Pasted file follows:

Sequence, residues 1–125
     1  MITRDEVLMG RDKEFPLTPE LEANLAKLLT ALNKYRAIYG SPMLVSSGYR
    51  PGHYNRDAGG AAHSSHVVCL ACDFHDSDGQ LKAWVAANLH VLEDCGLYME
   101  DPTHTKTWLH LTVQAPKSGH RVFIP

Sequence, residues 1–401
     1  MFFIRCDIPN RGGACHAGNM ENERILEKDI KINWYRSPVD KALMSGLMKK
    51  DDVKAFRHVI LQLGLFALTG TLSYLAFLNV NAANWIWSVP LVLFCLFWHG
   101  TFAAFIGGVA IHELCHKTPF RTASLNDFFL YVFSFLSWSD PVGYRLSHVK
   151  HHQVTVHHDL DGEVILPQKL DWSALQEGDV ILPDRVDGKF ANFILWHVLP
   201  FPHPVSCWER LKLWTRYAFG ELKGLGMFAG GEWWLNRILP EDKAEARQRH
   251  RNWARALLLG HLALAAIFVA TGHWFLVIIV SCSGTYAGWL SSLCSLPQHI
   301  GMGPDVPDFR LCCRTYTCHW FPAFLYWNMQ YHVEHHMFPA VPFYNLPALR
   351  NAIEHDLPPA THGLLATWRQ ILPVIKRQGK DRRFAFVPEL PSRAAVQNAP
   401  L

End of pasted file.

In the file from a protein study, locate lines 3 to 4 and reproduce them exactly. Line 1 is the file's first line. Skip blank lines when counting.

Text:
    51  PGHYNRDAGG AAHSSHVVCL ACDFHDSDGQ LKAWVAANLH VLEDCGLYME
   101  DPTHTKTWLH LTVQAPKSGH RVFIP